How can the synthesis of kaitiakitanga and green polymer science enhance and protect the mauri of water in Aotearoa?
How can innovative polymer technologies protect and improve the mauri, wairua and kaitiakitanga of water in rural Māori communities?
This project will conduct research into the impacts from septic tank seepage. This problem is both out-of-sight and out-of-mind but has a major impact in rural and coastal locations where traditionally, Māori have located their mahinga kai, sourced kai moana and accessed fresh water.
What can be learnt and applied now from traditional knowledge and adaptation to future environmental and resource issues?
This project seeks to understand how quickly early Māori society changed from its initial wasteful use of environmental resources soon after the Polynesian migrations, to then live within its ecological means in the face of resource decline pressures. These pressures were largely caused by ongoing extinctions and depletion, compounded by adverse climate change during the period 1350-1900.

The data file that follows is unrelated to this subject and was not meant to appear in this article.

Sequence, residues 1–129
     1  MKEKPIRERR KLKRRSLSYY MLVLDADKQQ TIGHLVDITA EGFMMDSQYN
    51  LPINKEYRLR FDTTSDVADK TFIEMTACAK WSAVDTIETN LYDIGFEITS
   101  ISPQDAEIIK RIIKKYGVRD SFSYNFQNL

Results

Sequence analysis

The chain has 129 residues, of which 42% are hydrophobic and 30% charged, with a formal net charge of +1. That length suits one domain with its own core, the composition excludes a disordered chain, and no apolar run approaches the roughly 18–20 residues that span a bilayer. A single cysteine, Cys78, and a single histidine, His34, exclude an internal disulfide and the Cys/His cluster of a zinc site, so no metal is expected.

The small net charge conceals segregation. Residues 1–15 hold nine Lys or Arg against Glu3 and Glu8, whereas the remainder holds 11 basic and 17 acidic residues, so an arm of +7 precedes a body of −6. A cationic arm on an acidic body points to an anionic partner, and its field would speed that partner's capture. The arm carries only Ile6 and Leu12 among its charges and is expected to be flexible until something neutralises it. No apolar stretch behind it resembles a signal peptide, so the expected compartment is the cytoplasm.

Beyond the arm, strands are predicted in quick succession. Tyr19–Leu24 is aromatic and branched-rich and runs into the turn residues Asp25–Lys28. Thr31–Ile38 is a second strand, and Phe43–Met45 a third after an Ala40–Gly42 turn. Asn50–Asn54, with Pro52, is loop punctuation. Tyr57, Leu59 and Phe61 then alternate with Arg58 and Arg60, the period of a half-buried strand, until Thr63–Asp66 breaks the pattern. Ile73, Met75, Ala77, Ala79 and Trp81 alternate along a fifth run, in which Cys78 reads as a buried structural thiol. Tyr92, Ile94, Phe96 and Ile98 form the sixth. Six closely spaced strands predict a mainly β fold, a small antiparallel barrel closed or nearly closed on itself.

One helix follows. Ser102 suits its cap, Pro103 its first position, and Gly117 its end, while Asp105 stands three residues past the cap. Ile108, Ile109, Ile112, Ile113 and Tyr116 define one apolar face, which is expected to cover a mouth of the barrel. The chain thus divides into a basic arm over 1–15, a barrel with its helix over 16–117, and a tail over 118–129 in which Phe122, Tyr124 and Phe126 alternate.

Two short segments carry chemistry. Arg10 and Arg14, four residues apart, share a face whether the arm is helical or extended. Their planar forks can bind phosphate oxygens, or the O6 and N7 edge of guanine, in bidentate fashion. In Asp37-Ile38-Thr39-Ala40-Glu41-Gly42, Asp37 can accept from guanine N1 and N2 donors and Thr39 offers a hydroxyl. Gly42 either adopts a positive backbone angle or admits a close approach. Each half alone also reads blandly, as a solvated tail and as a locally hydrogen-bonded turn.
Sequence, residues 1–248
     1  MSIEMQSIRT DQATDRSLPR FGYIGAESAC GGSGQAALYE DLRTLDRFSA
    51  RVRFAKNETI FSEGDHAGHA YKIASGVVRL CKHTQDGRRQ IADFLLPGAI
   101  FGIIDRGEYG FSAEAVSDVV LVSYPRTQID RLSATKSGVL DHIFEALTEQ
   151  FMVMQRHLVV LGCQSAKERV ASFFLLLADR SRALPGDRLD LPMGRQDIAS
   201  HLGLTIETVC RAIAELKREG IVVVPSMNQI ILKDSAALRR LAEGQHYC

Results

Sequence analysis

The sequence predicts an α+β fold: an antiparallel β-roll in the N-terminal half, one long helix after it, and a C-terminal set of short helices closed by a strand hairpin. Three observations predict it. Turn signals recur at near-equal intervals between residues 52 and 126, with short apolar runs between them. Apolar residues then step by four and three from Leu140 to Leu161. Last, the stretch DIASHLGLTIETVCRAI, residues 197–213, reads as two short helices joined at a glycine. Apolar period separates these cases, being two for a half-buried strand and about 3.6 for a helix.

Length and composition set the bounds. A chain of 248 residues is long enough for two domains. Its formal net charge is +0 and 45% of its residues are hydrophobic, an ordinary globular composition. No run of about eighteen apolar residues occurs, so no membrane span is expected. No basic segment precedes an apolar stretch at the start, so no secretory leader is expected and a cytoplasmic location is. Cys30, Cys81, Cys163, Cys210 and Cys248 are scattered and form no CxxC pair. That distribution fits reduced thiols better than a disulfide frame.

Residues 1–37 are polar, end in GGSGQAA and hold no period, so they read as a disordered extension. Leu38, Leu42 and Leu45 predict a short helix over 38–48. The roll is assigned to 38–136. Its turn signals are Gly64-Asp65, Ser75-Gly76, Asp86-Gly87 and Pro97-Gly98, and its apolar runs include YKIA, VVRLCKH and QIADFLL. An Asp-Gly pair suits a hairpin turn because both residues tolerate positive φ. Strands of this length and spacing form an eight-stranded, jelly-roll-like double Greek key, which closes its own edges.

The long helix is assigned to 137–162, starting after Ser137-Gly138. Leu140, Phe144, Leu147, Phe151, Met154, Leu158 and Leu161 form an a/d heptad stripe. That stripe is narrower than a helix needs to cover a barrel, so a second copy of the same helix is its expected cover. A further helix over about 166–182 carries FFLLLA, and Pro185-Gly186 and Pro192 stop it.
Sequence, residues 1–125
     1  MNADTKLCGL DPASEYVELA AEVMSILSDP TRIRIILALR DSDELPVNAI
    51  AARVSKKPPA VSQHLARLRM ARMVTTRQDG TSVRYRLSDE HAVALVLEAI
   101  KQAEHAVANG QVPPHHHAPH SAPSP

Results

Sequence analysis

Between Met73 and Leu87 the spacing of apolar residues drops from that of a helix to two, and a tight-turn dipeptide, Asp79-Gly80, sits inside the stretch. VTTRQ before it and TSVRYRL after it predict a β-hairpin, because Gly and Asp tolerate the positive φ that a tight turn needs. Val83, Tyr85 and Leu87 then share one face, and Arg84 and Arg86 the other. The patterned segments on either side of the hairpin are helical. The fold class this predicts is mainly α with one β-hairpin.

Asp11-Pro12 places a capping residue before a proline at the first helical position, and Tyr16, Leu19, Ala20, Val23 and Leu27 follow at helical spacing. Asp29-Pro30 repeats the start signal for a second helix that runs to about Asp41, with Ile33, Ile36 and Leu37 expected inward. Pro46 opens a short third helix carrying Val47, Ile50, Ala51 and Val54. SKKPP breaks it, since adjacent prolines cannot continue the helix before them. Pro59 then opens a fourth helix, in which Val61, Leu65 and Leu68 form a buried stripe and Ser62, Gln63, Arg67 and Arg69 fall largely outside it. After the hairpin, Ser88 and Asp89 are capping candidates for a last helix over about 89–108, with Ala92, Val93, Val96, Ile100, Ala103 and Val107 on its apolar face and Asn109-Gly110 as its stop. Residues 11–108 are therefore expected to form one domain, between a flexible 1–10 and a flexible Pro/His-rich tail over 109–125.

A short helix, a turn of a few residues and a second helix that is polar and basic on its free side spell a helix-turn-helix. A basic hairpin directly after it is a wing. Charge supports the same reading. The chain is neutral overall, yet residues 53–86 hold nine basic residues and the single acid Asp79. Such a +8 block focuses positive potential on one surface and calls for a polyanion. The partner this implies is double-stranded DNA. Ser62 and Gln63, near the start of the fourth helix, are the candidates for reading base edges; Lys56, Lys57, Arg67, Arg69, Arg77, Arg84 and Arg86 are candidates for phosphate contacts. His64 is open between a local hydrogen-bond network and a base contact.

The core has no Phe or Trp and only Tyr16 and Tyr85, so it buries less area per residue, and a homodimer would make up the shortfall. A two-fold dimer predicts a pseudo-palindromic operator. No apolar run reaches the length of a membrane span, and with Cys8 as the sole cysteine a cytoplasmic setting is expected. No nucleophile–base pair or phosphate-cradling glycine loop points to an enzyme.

How can New Zealand’s state legal system recalibrate to challenge the Crown’s assumption of sovereignty over lands and waters treasured by Māori?
Drawing on the research findings of the other Te Tai Ao foundational projects, this project will lead to new laws, policies, plans and models for government and iwi/Māori communities, and will enable Māori to reassert traditional knowledge in governing land, water and resources to better enable flourishing Māori health, wellbeing and prosperity.
Particular aspects of research and practice of Rongoā Māori have created discussion and in some instances, dissension among Māori communities. Research frameworks such as Kaupapa Māori theory (Pihama, 2010) have been developed for Māori communities, but these do not specifically address the many layers and complexities of research on Rongoā Māori.